Efforts to end the COVID-19 pandemic finally became possible when, in December 2020, the FDA authorised the use of the first COVID-19 vaccine, manufactured by Pfizer-BioNTech. Soon after, two additional vaccines from Moderna and Johnson & Johnson also received emergency authorisation for use. As of 8 March 2021, over 31 million people in the U.S. have completed their vaccination.
As the number of vaccinated people increases, the Centers for Disease Control and Prevention (CDC) has released its initial public health recommendations for individuals who are fully vaccinated. Fully vaccinated people are those who are at least two weeks out from having received their second Pfizer-BioNtech or Moderna vaccine dose or their single-dose Johnson & Johnson vaccine.
These CDC recommendations could be the first step towards resuming our normal, pre-pandemic lives - at least for those who have been fully vaccinated. The recommendations are based on findings that have demonstrated the efficacy of the vaccines among adults of different ages, races and ethnicity, as well as those with underlying conditions. Also, there is evidence that if fully vaccinated people get infected, they are less likely to develop severe coronavirus disease, be hospitalised or die. Hence, preliminary evidence suggests that fully vaccinated people pose little risk of transmission to people who are unvaccinated. The vaccines also provide protection against SARS-CoV-2 variants, even if in some variants, the efficacy and antibody neutralisation is reduced.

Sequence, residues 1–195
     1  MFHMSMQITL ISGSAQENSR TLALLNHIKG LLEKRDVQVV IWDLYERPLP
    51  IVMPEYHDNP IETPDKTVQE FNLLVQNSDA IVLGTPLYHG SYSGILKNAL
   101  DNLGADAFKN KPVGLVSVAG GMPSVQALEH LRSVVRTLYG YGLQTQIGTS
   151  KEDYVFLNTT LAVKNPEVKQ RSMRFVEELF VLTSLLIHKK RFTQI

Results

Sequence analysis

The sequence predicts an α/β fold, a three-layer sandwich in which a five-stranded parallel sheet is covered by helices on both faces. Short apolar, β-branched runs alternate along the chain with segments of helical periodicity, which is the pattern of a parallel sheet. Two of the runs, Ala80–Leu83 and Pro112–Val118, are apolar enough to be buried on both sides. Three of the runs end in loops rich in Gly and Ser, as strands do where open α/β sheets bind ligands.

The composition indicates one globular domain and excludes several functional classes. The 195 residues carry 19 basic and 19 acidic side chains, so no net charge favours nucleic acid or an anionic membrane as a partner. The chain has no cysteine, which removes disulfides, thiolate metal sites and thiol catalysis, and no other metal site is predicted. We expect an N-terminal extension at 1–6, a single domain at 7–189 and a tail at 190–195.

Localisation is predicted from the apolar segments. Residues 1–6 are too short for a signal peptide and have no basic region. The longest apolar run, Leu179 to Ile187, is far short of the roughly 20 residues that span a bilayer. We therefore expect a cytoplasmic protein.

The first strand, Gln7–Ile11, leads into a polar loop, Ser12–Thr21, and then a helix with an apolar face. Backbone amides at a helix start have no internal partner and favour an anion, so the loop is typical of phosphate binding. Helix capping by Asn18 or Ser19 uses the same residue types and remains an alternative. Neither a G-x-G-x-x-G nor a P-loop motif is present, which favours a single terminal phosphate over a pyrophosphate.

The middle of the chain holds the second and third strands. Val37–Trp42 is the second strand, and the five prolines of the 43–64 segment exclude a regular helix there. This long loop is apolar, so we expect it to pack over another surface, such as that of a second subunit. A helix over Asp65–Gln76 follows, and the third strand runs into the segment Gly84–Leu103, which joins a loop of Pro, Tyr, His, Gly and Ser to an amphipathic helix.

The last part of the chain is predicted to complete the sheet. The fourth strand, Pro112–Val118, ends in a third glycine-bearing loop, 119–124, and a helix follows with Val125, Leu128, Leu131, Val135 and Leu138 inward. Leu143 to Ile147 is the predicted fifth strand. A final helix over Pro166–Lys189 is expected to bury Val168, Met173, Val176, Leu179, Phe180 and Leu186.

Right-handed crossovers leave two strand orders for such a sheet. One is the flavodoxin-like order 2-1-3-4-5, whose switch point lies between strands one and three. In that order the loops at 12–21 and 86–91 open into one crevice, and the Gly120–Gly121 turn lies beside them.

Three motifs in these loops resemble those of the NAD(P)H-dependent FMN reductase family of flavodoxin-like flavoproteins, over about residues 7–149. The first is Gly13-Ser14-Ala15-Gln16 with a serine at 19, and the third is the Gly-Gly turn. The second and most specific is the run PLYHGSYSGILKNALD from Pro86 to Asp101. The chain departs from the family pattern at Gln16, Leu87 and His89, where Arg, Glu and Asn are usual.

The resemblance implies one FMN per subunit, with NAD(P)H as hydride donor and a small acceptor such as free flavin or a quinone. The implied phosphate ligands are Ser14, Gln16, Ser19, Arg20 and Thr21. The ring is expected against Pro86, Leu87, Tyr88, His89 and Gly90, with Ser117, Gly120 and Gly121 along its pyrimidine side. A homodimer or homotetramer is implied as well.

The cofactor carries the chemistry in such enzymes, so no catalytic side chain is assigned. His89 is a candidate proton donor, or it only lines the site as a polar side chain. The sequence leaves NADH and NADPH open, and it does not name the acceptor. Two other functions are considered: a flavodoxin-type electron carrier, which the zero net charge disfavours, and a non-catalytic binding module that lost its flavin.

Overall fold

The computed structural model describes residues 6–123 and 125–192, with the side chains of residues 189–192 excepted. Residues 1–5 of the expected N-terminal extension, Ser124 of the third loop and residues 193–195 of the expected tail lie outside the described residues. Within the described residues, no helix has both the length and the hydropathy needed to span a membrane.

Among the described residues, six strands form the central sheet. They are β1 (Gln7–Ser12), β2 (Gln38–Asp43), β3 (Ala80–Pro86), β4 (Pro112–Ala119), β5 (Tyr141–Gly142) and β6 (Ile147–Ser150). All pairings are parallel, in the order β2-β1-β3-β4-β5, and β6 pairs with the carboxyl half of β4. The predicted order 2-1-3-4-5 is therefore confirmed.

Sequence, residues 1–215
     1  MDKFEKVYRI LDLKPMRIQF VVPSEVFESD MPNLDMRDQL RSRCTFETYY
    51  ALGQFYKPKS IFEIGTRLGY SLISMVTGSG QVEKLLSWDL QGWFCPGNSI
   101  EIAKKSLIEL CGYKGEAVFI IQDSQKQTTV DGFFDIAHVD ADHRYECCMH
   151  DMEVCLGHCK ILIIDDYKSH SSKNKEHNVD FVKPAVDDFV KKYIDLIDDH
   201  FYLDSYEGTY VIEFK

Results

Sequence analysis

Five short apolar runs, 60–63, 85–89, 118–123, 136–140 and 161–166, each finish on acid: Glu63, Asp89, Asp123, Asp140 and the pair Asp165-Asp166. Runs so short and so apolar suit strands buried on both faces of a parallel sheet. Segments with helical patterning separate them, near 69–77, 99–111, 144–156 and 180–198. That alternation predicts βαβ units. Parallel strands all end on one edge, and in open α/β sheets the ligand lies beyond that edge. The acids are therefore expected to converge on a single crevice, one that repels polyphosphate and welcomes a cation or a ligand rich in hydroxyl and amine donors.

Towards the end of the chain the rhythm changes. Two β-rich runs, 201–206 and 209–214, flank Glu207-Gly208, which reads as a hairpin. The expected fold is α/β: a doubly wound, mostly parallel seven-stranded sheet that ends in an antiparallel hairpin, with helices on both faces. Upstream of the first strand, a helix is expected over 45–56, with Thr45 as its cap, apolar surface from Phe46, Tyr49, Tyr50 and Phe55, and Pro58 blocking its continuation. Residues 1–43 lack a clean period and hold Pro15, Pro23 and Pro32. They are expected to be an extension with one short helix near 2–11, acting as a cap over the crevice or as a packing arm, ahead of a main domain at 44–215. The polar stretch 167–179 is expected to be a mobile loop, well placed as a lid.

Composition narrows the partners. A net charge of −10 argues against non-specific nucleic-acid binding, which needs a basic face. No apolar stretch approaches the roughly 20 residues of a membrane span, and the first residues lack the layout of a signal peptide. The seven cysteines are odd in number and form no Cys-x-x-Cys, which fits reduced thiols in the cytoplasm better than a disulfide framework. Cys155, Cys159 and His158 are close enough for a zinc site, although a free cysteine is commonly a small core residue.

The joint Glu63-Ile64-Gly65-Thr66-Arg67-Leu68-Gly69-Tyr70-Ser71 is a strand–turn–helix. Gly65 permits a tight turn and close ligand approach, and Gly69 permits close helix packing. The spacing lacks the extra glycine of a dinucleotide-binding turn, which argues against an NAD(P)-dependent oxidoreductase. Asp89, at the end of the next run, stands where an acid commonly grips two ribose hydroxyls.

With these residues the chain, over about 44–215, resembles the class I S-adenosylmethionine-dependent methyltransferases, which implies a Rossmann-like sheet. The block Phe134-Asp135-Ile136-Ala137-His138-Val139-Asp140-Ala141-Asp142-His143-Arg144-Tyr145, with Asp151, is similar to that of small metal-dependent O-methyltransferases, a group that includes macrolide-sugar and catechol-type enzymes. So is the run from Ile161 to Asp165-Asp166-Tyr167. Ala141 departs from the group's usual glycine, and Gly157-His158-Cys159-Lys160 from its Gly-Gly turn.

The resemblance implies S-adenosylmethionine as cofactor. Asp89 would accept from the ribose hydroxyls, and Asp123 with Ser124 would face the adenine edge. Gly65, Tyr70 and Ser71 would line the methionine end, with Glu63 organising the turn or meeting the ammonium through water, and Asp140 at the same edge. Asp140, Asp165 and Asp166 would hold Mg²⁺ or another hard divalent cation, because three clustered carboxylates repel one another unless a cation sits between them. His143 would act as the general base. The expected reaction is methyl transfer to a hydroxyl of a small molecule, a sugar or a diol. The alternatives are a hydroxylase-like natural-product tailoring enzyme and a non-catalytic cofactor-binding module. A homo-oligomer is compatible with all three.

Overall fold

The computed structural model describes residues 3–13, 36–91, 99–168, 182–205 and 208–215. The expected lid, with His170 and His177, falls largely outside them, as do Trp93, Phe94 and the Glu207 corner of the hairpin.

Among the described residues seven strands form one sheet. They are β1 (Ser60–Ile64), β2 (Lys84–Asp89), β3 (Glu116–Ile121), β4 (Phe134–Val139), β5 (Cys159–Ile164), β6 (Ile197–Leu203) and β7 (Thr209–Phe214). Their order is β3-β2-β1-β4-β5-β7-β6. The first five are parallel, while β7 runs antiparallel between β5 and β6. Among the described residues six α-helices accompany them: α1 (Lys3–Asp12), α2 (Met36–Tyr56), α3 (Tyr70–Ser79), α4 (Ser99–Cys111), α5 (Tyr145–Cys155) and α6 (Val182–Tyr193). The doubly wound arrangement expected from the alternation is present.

While the CDC will continue to monitor the effects of these mutations on the COVID-19 vaccine, following are the interim recommendations for fully vaccinated people:
- Fully vaccinated people can visit other fully vaccinated people without masks or physical distancing.
- They can visit with unvaccinated people from a single household who are at low risk for severe COVID-19 indoors, without masks or physical distancing.
- They do not have to quarantine or have a test following an exposure if they are asymptomatic.
However, fully vaccinated people should still:
- Continue to take precautions in public and swear a mask and practice physical distancing.
- Wear masks, practice physical distancing and adhere to other prevention measures when visiting unvaccinated people who are at an increased risk of severe COVID-19 disease or if they have a household member who is unvaccinated and at an increased risk for severe COVID-19.
- Wear marks, practice physical distancing and adhere to other prevention measures when visiting unvaccinated people from multiple households.
- Continue to avoid medium and large-sized gatherings.
- Get tested if they experience COVID-19 symptoms.
- Follow any guidance issued by their employers.
- Follow CDC and health department travel requirements and recommendations.
CDC guidelines will continue to evolve as more people get vaccinated, and new data emerge. CDC still recommends prevention measures for everyone, whether they are vaccinated or non-vaccinated. As more people become vaccinated, restrictions are likely to be readdressed.
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